During core flooding experiments where water is injected into oil bearing core plugs, the produced fluids can be sampled in a fraction collector. When the core approaches residual oil saturation, the produced amount of oil is typically small (can be less than a few microliters) and the quantification of oil is then difficult. In this study, we compare four approaches to determine the volume of the collected oil fraction in core flooding effluents. The four methods are: Image analysis, UV/visible spectroscopy, liquid scintillation counting, and low-field nuclear magnetic resonance (NMR) spectrometry. The procedure followed to determine the oil fraction and a summary of advantages and disadvantages of each method are given. Our results show that all four methods are reproducible with high accuracy. The NMR method was capable of direct quantification of both oil and water fractions, without comparison to a pre-made standard curve. Image analysis, UV/visible spectroscopy, and liquid scintillation counting quantify only the oil fraction by comparing with a pre-made standard curve. The image analysis technique is reliable when more than 0.1 ml oil is present, whereas liquid scintillation counting performs well when less than 0.6 ml oil is present. Both UV/visible spectroscopy and NMR spectrometry produced high accuracy results in the entire studied range (0.006-1.1 ml). In terms of laboratory time, the liquid scintillation counting is the fastest and least user dependent, whereas the NMR spectrometry is the most time consuming. (C) 2016 Elsevier B.V. All rights reserved.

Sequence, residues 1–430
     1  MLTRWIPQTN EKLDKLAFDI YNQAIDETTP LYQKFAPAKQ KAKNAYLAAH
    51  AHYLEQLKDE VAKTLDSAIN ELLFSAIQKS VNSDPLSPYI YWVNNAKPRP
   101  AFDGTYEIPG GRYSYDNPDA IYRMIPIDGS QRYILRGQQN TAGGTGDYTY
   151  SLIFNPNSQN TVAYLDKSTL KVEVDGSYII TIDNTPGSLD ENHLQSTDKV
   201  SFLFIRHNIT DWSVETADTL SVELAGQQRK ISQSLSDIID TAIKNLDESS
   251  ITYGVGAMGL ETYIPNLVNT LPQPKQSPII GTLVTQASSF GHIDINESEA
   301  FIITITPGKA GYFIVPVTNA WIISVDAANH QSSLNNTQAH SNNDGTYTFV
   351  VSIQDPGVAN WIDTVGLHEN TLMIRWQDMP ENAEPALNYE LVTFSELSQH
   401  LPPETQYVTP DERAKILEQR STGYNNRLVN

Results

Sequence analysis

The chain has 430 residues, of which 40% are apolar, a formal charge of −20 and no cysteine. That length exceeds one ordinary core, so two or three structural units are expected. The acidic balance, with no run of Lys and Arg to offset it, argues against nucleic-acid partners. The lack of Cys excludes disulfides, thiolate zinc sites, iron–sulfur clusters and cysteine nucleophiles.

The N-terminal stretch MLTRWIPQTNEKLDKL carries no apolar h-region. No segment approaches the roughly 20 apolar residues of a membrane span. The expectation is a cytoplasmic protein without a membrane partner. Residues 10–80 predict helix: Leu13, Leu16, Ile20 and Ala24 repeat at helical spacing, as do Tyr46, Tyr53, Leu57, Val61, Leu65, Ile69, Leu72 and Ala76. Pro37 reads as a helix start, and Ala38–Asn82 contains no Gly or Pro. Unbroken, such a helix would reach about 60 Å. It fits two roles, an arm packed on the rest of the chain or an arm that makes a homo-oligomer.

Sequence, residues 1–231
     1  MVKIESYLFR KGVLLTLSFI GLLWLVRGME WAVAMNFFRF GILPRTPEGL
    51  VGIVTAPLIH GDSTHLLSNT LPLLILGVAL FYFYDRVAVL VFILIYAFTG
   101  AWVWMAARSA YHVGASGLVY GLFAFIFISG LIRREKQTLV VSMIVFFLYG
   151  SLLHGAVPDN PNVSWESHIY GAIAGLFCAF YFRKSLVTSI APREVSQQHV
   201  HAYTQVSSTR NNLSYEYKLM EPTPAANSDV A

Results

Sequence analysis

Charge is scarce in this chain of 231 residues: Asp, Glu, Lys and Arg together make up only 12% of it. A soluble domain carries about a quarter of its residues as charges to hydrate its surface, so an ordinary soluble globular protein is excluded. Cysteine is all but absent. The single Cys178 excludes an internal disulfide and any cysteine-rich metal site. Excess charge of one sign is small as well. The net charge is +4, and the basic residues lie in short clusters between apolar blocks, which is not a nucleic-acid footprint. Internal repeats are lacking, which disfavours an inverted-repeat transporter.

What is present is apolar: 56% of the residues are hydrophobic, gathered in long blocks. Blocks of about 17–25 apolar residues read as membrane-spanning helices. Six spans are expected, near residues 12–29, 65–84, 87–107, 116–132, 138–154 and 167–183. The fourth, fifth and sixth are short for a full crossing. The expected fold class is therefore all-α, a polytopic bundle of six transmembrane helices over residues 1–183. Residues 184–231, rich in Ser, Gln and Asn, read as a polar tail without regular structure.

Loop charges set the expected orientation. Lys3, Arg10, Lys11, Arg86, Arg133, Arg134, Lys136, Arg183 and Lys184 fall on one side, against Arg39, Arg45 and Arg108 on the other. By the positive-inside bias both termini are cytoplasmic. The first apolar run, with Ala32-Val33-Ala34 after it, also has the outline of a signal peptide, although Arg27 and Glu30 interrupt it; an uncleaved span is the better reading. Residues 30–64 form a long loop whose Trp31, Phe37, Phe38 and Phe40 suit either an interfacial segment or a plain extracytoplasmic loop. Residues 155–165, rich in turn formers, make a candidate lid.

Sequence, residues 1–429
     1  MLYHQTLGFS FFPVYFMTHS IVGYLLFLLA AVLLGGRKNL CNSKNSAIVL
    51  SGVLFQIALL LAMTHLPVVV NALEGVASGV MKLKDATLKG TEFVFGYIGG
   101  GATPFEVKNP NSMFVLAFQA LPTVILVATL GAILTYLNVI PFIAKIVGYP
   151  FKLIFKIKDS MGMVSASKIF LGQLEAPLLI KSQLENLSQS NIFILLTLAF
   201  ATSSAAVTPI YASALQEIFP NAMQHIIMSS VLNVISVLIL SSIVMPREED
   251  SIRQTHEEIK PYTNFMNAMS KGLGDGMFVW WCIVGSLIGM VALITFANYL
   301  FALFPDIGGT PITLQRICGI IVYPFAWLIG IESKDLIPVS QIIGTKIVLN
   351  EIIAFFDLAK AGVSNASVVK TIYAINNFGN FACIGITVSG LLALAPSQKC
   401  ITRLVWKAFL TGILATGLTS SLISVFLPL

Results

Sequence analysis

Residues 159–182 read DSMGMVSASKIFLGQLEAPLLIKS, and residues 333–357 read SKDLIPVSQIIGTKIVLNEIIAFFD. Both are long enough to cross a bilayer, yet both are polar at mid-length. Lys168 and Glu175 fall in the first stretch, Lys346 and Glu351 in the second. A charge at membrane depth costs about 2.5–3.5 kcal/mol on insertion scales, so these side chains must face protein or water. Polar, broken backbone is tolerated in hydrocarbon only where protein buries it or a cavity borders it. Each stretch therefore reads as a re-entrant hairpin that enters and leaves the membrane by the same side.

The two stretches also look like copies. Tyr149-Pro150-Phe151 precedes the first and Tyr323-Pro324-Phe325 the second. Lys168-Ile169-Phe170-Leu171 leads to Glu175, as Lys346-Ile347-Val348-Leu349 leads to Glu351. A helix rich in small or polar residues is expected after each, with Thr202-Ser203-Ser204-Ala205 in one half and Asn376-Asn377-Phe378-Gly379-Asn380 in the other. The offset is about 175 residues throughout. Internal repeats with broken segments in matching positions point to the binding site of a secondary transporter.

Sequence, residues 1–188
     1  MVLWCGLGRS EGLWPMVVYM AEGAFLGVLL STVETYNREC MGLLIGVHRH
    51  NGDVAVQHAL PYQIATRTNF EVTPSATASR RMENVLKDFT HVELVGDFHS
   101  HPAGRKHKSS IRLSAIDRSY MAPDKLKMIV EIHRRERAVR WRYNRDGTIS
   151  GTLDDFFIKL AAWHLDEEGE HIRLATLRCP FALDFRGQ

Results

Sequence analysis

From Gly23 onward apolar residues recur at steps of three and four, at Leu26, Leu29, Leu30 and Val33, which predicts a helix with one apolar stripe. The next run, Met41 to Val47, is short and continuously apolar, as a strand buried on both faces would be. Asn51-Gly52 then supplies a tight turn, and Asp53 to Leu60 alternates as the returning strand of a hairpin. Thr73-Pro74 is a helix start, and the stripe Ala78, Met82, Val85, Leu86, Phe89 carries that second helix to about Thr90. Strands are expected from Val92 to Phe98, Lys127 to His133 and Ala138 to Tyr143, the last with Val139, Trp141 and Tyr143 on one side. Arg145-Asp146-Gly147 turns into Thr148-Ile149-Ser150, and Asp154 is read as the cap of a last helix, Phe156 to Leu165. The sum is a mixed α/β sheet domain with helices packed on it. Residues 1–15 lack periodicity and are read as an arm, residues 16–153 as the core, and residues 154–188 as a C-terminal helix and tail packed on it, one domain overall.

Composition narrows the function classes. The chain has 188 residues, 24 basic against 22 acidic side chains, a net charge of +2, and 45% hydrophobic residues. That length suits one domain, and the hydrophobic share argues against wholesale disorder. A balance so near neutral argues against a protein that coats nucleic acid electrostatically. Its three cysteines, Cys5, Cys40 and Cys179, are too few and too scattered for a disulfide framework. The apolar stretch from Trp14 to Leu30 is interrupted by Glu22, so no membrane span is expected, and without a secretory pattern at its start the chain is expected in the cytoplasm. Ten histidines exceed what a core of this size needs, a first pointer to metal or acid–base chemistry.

- Core flooding
- Image analysis
- Liquid scintillation counting
- Low-field NMR
- Oil fraction
- UV/visible spectroscopy
Katika, K., Ahkami, M., Fosbøl, P. L., Halim, A. Y., Shapiro, A., Thomsen, K., Xiarchos, I., & Fabricius, I. L. (2016). Comparative analysis of experimental methods for quantification of small amounts of oil in water. Journal of Petroleum Science and Engineering, 147, 459-467. https://doi.org/10.1016/j.petrol.2016.09.009